The endocannabinoid system mainly consists of endogenously produced cannabinoids (endocannabinoids) and two G protein-coupled receptors (GPCRs), cannabinoid receptors 1 and 2 (CB1 and CB2). This system also includes enzymes responsible for the synthesis and degradation of endocannabinoids and molecules required for the uptake and transport of endocannabinoids. In addition, endocannabinoid-related lipid mediators and other putative endocannabinoid receptors, such as transient receptor potential channels and other GPCRs have been identified. Accumulating evidence indicates that the endocannabinoid system is a key modulator of gastrointestinal physiology, influencing satiety, emesis, immune function, mucosal integrity, motility, secretion, and visceral sensation. In light of therapeutic benefits of herbal and synthetic cannabinoids, the vast potential of the endocannabinoid system for the treatment of gastrointestinal diseases has been demonstrated. This review focuses on the role of the endocannabinoid system in gut homeostasis and in the pathogenesis of intestinal disorders associated with intestinal motility, inflammation and cancer. Finally, links between gut microorganisms and the endocannabinoid system are briefly discussed.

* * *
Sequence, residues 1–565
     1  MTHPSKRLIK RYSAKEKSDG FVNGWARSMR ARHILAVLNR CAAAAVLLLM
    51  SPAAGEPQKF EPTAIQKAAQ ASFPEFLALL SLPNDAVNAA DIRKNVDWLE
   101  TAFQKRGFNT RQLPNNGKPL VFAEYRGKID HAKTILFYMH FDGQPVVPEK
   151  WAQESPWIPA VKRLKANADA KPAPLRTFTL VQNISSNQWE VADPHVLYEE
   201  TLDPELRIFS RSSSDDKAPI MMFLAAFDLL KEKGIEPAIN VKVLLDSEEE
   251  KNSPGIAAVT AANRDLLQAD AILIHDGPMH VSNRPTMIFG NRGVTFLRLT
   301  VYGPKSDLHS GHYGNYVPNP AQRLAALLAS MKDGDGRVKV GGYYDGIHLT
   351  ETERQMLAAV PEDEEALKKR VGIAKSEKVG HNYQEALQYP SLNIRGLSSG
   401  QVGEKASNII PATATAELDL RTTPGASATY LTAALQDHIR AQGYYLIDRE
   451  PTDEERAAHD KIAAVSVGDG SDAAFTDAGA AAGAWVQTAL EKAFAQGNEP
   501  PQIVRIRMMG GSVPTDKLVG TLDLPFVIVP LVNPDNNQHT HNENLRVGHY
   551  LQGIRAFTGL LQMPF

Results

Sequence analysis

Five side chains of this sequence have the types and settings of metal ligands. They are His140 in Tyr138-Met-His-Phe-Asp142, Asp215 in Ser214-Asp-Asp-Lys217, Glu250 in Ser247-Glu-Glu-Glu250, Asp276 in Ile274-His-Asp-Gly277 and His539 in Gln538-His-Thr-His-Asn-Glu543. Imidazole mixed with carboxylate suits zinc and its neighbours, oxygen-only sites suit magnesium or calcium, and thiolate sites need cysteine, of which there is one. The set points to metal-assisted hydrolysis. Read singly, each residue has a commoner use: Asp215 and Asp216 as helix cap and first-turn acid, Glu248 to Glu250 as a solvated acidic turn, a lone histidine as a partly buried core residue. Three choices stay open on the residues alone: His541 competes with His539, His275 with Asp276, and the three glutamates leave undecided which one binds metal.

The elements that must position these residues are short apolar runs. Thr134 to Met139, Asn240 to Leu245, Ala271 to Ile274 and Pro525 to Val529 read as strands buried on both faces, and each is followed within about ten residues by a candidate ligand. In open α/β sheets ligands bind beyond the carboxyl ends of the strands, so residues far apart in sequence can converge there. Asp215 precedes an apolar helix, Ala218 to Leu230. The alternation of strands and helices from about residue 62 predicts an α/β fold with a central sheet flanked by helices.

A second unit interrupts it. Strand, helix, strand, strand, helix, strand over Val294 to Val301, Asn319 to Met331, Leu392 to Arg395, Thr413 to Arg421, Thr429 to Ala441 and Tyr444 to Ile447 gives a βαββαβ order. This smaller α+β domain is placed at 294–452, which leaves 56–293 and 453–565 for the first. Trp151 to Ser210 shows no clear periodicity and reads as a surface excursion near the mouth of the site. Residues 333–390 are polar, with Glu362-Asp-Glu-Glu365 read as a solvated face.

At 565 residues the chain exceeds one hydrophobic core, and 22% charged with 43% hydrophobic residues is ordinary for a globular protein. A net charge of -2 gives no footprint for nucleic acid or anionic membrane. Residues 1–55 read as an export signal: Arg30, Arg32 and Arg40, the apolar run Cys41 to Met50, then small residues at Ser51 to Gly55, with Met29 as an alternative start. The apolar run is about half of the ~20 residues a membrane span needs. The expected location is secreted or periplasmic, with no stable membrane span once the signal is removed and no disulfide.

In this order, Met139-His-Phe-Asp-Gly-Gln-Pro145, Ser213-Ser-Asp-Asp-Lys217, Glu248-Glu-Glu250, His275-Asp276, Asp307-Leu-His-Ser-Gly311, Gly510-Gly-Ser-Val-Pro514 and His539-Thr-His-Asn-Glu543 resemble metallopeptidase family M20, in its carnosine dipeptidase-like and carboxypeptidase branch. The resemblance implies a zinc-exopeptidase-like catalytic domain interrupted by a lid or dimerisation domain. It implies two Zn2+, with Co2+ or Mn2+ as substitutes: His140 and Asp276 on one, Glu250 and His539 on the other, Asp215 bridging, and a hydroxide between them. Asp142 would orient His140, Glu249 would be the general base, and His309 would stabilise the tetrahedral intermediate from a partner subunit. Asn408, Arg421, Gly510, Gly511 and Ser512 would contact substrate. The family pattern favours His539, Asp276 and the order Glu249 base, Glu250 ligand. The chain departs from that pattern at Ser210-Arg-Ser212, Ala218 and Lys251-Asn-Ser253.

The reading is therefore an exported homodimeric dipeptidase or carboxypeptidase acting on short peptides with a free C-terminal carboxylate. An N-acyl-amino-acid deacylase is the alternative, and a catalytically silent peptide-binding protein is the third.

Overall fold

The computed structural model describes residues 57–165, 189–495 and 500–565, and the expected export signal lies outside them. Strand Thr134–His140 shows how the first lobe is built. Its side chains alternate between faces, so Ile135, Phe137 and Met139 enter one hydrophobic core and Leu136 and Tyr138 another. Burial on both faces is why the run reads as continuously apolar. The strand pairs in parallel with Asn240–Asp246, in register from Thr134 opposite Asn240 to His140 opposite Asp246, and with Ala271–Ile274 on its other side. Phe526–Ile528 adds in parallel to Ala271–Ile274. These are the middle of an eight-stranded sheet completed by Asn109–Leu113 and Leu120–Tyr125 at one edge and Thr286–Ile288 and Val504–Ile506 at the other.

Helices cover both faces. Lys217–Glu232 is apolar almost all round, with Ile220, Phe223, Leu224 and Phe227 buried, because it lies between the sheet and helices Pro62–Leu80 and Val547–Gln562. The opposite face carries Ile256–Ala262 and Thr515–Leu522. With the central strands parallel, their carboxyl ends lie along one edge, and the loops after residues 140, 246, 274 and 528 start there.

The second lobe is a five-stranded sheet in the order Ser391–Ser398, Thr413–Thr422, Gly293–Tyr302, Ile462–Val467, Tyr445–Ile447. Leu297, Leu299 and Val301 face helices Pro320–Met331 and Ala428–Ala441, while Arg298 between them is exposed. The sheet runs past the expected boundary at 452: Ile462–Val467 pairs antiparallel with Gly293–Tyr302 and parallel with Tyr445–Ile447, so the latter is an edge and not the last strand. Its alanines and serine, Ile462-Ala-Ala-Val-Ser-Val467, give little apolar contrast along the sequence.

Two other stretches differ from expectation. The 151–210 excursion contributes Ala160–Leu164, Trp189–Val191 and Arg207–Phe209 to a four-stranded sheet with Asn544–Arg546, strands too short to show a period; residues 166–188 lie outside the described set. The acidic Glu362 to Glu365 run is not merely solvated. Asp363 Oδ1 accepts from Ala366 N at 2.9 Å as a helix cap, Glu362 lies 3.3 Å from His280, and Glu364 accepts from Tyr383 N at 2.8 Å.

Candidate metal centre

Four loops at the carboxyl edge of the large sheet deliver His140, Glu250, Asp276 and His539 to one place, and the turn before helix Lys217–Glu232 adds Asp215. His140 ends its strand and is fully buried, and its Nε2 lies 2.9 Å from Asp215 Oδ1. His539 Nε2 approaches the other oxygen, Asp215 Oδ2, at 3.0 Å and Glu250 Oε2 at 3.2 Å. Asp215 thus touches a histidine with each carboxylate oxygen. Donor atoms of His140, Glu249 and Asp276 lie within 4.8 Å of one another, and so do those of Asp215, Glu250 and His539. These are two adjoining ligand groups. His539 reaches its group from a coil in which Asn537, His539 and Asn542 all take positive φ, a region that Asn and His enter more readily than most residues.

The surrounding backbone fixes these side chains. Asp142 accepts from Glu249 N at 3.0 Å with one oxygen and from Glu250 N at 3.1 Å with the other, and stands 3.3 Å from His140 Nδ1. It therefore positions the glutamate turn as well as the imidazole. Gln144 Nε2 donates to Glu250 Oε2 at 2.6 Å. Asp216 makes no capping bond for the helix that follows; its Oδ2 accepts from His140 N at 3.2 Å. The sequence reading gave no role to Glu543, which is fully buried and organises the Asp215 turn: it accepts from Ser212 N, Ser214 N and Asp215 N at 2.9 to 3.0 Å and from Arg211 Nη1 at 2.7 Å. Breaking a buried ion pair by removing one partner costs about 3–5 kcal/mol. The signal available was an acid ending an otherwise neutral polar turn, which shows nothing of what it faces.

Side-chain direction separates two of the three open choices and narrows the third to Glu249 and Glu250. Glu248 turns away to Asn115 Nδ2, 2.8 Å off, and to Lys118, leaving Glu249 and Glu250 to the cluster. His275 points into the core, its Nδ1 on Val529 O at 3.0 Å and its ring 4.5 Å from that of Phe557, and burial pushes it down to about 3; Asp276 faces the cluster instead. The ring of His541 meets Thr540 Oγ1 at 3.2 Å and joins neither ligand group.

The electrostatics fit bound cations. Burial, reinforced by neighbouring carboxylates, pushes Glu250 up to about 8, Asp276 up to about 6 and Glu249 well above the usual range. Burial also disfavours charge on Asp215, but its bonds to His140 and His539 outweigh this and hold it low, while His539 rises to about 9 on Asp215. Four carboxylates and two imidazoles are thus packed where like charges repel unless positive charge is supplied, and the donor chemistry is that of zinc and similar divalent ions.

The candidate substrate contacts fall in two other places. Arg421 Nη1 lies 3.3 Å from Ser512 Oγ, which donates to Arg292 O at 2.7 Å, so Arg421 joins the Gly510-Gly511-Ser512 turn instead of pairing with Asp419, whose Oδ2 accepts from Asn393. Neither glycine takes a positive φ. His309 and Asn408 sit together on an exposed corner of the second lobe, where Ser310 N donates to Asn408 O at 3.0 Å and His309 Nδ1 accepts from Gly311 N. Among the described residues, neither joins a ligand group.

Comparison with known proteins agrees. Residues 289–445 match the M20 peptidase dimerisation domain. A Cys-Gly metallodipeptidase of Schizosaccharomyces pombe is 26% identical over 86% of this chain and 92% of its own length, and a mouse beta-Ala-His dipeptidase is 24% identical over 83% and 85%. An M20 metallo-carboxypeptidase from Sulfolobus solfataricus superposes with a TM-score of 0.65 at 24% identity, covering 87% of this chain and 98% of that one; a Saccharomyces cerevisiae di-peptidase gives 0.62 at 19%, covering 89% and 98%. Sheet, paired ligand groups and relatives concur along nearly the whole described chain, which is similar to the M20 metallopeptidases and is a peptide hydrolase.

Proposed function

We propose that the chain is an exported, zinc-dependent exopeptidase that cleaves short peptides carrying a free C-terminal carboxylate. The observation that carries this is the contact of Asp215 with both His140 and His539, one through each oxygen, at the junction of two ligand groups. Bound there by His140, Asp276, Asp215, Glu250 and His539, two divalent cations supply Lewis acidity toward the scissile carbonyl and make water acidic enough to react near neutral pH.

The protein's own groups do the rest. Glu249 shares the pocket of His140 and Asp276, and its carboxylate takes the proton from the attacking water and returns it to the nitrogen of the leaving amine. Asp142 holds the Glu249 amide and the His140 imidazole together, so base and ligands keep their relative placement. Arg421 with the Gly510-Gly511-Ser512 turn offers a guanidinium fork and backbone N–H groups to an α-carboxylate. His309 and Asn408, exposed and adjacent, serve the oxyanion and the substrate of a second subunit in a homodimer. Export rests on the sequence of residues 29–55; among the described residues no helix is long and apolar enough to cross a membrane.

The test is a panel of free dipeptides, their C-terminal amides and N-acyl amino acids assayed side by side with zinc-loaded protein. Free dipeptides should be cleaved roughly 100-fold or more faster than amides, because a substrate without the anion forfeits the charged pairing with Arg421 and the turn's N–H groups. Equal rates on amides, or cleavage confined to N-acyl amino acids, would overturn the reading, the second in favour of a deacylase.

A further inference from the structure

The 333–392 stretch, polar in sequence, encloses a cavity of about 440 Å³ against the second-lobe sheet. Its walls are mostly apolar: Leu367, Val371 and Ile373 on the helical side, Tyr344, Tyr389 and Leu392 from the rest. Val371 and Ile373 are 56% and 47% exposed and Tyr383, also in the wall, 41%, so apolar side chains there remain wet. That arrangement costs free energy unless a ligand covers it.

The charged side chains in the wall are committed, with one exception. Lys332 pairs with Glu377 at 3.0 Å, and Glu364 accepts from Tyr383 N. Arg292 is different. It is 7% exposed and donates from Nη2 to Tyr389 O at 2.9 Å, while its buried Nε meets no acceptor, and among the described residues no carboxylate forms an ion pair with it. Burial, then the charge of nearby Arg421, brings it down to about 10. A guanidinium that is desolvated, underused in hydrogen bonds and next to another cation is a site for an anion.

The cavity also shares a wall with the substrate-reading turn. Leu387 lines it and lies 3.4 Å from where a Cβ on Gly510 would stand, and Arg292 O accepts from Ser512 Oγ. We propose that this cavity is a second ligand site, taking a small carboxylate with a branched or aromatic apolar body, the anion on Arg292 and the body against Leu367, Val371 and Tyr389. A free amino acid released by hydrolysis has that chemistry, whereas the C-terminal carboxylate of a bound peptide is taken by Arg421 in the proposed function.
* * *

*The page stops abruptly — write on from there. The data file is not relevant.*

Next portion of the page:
- cannabinoid receptor
- Copyright © 2015, American Journal of Physiology-Gastrointestinal and Liver Physiology